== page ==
|** p< 0.001 * p< 0.01||The sample consisted of 504 students in 26 classes and 24 instructors|
|Table 3: Means and Standard Deviations for the Preferred and Actual|
Forms of the CUCEI for Students in their Tertiary Level of Studies
|Actual (A)||Preferred (P)||(P-A)||Actual||Preferred|
Figure 1: Mean profile for the seven scales in the Actual and Preferred
forms of the CUCEI for students in their tertiary level of study
|Table 4: Means and Standard Deviations for the Actual and Preferred|
Forms of the CUCEI for Female Students
|Actual (A)||Preferred (P)||(P-A)||Actual||Preferred|
|Table 5: Means and Standard Deviations for the Actual and Preferred|
Forms of the CUCEI for Male Students
|Actual (A)||Preferred (P)||(P-A)||Actual||Preferred|
**p<0.05 n=106 Note: Statistically non significant differences are represented on the respective Figures as the average of the means (actual and preferred) and appears as the same point on the figure.
As indicated in Table 6, both males and females perceived their environment almost identically, Table 6. This similarity in perceptions replicates findings in other studies, that both male and female students perceptions moved closer together as they moved into higher level studies (Fraser 1989; Ferguson & Fraser, 1996; Johnson & Johnson, 1991). One other possible reason for the closeness of the perceptions could be attributed to the same students from the high schools going to the local community college. This observation could therefore lend further support to the observations of the instructors at the local community college who have found students in their cliques from their local high schools and take college life as an extension of their high schools. However, the findings here also contrast against findings that show that there are significant difference in the perceptions between male and female students (e.g., Burkam, Lee, & Smerdon, 1997; Henderson, Fisher, & Fraser, 1998; Rickards, Fisher, & Fraser, 1997; Ferguson & Fraser, 1996; Suarez, Pias, Membiela, & Dupia, 1998; Waldrip & Fisher, 1999). Though female and male students did not perceive any difference in the level of cooperation in their actual classroom environment, female students indicated that they preferred greater cooperation in their preferred classroom environment. This was the only scale that showed a significant difference in the preferred form.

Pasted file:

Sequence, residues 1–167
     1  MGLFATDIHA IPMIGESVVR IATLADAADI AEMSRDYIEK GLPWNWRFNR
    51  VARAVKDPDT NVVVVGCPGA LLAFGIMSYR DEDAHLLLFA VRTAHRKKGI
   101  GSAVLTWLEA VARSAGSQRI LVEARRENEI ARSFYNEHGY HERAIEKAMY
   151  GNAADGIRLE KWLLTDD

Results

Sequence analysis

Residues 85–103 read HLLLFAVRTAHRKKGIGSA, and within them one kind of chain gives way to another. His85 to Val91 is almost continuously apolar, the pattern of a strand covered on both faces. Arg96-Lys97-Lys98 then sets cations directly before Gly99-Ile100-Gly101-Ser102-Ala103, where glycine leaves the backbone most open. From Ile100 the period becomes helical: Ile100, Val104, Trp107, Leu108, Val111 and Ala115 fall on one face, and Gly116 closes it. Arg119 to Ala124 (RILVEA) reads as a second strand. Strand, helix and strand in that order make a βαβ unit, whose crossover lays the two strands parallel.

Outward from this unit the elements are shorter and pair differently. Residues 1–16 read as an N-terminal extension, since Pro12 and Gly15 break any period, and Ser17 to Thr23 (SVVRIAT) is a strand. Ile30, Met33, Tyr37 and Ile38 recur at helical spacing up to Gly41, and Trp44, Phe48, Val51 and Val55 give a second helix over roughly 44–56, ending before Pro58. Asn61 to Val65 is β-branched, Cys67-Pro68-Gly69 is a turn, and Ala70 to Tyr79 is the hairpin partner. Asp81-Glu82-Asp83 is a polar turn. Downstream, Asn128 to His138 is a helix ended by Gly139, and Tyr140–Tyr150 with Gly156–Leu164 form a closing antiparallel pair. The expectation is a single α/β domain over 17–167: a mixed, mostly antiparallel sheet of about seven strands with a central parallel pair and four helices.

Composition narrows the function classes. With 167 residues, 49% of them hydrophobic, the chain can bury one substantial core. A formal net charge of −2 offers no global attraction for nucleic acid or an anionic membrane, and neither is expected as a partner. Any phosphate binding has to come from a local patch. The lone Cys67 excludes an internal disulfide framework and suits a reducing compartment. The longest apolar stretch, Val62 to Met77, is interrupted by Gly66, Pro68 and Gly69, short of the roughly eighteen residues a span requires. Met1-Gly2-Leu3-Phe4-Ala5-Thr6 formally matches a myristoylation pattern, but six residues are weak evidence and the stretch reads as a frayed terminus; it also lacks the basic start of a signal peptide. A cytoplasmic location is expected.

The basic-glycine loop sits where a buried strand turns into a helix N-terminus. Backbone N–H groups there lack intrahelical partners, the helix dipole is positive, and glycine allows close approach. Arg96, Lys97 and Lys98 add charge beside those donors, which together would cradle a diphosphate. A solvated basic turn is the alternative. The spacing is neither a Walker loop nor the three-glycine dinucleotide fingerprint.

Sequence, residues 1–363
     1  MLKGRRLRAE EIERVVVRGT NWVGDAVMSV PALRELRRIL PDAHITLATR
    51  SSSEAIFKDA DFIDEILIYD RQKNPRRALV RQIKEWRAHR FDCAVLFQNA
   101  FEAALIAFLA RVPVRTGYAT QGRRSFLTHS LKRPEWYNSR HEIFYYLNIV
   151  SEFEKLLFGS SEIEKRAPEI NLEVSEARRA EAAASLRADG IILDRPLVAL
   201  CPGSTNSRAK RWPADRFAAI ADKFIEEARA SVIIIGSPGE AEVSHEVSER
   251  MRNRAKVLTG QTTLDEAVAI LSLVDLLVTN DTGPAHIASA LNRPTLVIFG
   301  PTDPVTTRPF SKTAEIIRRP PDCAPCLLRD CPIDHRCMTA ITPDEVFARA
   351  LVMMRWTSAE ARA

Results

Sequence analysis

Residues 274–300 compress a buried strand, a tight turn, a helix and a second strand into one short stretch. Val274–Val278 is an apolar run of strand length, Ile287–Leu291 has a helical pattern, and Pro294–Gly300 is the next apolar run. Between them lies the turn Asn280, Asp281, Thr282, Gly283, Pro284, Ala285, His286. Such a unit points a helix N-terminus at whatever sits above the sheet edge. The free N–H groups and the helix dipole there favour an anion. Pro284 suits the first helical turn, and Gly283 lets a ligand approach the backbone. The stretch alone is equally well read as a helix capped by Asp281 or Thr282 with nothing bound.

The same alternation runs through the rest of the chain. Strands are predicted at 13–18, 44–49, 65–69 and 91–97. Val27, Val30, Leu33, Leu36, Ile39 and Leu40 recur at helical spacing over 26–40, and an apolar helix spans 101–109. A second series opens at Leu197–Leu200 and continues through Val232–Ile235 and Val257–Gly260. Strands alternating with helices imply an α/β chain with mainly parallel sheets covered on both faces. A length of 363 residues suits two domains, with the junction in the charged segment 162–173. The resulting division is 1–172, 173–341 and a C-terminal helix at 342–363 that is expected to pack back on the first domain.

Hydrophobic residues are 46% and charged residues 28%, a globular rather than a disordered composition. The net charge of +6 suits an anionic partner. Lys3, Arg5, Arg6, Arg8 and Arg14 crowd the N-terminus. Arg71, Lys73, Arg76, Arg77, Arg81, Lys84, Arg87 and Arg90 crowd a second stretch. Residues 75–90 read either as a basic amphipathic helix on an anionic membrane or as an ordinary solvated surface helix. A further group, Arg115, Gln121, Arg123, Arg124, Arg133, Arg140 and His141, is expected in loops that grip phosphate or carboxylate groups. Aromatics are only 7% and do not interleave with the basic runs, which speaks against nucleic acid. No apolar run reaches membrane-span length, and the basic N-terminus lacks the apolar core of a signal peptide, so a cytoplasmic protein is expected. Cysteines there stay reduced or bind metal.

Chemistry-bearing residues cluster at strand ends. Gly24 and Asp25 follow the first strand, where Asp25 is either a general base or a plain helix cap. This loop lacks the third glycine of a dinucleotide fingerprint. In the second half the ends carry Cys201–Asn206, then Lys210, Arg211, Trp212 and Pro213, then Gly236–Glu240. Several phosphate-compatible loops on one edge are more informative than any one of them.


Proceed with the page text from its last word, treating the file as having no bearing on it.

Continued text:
|Table 6: Comparison of Means and Differences for the Actual and Preferred|
Forms of the CUCEI for Male and Female students
|Male (M)||Female (F)||(M-F)||Male (M)||Female (F)||(M-F)|
|Personalisation||3.43||3.64||- 0.21||4.10||4.26||- 0.16|
|Student cohesiveness||3.33||3.38||- 0.05||3.90||3.78||+ 0.12|
|Task orientation||3.94||3.93||+ 0.01||4.25||4.34||- 0.09|
|Individualisation||2.14||2.04||+ 0.10||3.10||2.94||+ 0.08|
|Equity||4.45||4.34||+ 0.11||4.59||4.67||- 0.08|